Cinnamon's story and therapeutical effects
Cinnamon is a spice that has been used for thousands of years. It comes from the bark of a tree (cinnamomum verum) that can grow up to 12 meters high, but you won’t probably ever see one that tall because they are generally kept as bushes up to 3 meters high for practical reasons.
The name Cinnamon derives from the arabic/hebraic term amomon, which means fragrant plant, in Italy we call it “cannella” because it has a tubular shape, like a cannon.
More than for its therapeutical uses, cinnamon was probably most known for being really expensive. For the romans, Cinnamon was more expensive than silver, and jokingly they use to say that cinnamon only grows in marshes protected by giant bats and that merchants were placing these monsters there to keep the price high.
Jokes aside, trading Cinnamon was a serious business until few centuries ago. The Dutch for instance, were willing to resort to any means to keep the monopoly of cinnamon trade, from conquering the island of Ceylon, to bribing indian kings to destroy all the sources of cinnamon to keep their prices high.
Let’s see why people were willing to pay such high price for cinnamon and its therapeutic uses.
The bark of Cinnamomum verum contains cinnamaldehyde while the leaves are rich in Eugenol, which has anesthetic proprieties.
In the past, it was mainly used for food flavoring and as a digestive tonic. However, Cinnamon was recently found to be a potent fungicide. It was tested to treat oral candida in patients with HIV because their immune system is weak, and it was found to be quite effective in reducing the infection. Probably the most interesting molecule in the Cinnamon is cinnamaldehyde because it may possibly be a natural antidiabetic agent.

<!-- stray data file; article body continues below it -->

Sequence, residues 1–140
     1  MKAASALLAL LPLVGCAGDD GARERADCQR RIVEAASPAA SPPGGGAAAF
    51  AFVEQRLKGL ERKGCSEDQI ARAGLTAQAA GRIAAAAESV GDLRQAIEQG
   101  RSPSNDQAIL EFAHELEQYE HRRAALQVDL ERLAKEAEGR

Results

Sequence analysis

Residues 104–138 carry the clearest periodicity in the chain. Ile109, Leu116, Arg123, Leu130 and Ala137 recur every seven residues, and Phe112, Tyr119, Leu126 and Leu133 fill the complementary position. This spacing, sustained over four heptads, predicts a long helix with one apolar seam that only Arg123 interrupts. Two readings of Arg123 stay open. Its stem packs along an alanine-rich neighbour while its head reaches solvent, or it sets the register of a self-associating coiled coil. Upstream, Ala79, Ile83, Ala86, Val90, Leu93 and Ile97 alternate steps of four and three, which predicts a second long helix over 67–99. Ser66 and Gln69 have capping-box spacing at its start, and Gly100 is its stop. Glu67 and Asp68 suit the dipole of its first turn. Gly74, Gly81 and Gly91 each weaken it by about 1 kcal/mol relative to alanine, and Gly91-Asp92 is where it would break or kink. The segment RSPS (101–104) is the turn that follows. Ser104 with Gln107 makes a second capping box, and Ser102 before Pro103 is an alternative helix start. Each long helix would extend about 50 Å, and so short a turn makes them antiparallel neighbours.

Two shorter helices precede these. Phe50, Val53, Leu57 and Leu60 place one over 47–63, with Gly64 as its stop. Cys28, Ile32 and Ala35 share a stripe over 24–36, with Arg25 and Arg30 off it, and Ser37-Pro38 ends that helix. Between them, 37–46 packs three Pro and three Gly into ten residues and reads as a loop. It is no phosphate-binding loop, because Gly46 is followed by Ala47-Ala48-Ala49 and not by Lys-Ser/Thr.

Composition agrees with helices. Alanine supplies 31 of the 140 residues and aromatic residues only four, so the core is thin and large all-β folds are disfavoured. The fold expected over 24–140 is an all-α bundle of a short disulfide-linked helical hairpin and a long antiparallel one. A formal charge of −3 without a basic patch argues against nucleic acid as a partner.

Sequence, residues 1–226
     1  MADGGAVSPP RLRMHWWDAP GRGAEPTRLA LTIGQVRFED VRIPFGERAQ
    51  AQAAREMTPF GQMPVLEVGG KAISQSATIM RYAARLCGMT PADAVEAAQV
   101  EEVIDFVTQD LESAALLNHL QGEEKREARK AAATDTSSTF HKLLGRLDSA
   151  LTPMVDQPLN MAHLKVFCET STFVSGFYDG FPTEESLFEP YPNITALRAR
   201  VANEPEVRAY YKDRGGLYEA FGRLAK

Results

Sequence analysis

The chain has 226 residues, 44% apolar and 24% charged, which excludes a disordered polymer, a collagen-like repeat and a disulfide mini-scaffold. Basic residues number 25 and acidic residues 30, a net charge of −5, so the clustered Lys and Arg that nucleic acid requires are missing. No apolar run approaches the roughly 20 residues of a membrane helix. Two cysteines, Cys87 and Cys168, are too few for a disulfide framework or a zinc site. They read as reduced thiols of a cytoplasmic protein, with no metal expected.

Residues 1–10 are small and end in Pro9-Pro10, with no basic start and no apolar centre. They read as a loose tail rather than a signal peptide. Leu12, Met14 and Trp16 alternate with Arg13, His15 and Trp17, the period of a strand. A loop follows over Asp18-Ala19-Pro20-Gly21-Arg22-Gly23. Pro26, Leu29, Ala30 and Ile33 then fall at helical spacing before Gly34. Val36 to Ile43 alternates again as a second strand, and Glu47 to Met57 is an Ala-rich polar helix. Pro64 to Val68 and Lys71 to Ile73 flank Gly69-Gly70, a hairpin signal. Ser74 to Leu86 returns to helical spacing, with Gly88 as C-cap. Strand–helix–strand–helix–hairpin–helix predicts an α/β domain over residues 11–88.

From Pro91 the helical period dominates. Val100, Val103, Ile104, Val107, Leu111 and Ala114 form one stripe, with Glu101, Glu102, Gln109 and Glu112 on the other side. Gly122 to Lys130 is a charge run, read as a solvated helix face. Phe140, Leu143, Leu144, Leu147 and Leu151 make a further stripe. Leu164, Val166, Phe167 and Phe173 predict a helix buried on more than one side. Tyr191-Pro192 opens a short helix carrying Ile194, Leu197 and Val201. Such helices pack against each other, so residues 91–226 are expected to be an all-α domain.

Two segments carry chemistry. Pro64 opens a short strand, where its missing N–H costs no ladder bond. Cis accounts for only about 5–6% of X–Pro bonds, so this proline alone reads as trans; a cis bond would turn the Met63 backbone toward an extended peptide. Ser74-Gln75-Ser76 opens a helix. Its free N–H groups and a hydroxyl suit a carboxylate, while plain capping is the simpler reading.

There are more than 400 known plants to have glucose-lowering effects, however, Cinnamon is probably the only one that we know of that can have the dual benefit of hypoglycemic and hypolipidemic effects.
Once metabolized, the cinnamaldehyde is converted to cinnamic acid in the liver. This molecule can increase the effects of insulin and also improve the ability of cells to metabolize fats. Studies conducted in diabetic rats revealed that administration of cinnamaldehyde had the same glucose-lowering effects of glibencamide, a commonly used drug, without having the same side-effects. Moreover, rats that received cinnamaldehyde also lost weight.
That sounds great, so why aren’t we using Cinnamon to treat diabetic people? Well, its effects have been only proven in diabetic rats, to my knowledge that are no human studies that prove the efficacy of Cinnamon as an antidiabetic. The only study in humans that I know of is the study that proves the fungicidal effects on HIV-infected patients.
Cinnamon was also traditionally used to treat loss of apetite, upset stomach, as tea for common colds and to treat flatulence.
Are there any side-effects to Cinnamon?
It was found that for some people it can cause skin allergy if used in massage oils also Cinnamon could interfere with the metabolism of different drugs. For example, it contains coumarin which interferes with warfarin (a common anticoagulant). So if you take this drug and you also use plenty of cinnamon please inform your doctor because it could mess up the doses and cause bleeding. Also, pregnant women may want to keep consumption of cinnamon low.
*This post has also been published in Narrative after 7 days:
- Herbal medicine by Steven Karch
- Nursing Herbal Medicine handbook